- Other than for purposes of symbolism, why would they choose scissors as their weapon? And is there a scissors factory downstairs like a prison sweatshop? Where’d they all make red jumpsuits and golden scissors and leather gloves?
- So, if the downstairs people mated with the shadows of who upstairs people had sex with, then how did the downstairs people give birth, raise children and with no hospitals or medicine, survive giving birth or diseases?
- And… If the upstairs person from Chicago moves to Santa Cruz, does that downstairs person just walk the 3,000 miles through a tunnel to Santa Cruz? And if someone from Mexico moves to Santa Cruz, does that mean they have no shadow and are ultimately watching this American Genocide like, “I’m goin’ back to Mexico!” What about the people who have no downstairs doppelganger?
- Again, I have to ask, why didn’t young upstairs Lupita just escape back to the upstairs as soon as she was free and scream about this crazy world down below?
- Did the millions of downstairs people just all funnel out of the house of mirrors in the middle of the night? Are there multiple exits? And if so, WHY DID NONE OF THAT JUST WANDER OUT?
- What did they do with their dead?
- Where did they get the rabbits in the cages or the clothes on their backs?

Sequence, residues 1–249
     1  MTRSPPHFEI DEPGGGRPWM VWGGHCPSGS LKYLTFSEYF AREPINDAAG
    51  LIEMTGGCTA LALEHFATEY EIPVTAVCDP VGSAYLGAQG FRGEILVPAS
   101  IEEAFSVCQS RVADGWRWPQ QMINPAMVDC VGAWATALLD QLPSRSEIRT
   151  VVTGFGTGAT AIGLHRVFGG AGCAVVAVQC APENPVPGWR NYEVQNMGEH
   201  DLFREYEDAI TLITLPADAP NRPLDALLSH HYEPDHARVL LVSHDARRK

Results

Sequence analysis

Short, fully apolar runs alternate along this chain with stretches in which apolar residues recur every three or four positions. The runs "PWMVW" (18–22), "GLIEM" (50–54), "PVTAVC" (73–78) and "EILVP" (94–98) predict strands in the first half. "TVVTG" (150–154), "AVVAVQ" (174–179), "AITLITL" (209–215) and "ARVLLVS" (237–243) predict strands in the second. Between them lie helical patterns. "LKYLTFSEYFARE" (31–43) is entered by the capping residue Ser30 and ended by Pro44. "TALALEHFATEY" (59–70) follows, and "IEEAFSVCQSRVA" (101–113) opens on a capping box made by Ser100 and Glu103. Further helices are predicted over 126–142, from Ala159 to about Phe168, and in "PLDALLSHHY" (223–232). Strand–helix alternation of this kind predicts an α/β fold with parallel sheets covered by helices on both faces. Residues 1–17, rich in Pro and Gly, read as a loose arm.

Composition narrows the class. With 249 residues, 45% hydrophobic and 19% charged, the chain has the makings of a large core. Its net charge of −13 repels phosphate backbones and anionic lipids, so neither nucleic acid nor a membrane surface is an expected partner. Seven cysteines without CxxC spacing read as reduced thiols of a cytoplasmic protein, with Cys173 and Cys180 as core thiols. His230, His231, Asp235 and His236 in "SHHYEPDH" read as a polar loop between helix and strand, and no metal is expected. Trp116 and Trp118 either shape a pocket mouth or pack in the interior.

- And when do the downstairs people have to do what the upstairs version did? It seemed like the downstairs folk just mimicked the upstairs counterparts when it fit the plot. How much free will did the downstairs people have? That was never clear to me. Sometimes the downstairs people would copy their upstairs twin to the point of killing themselves and other times they’d stab their upstairs twin when their upstairs twin clearly wasn’t trying to stab themselves.
- How did the Tyler’s tethers know how to shut off power and break into a house without making any noise and without any communication or direction or prior knowledge?
- Also how did the twin clones come out of the twin’s rooms? How did they get there?
The Artsy Explanation
When the movie ends, you can rearrange the pieces in your head and appreciate the breadth of what Peele set out to achieve. Social scientists and pundits speak of human society in terms of gaps — in wages, in education, in quality of life. It’s Peele’s ingenious notion that the under- and over classes are not estranged but “tethered” in ways that those at the bottom perceive as mockery and theft but that the privileged can’t see — and can perhaps feel only at the instant those scissors slash their jugulars. As in Get Out, that privilege breeds dissociation, one of the ripest subjects for a genre that brings to roaring life the revenge of the repressed.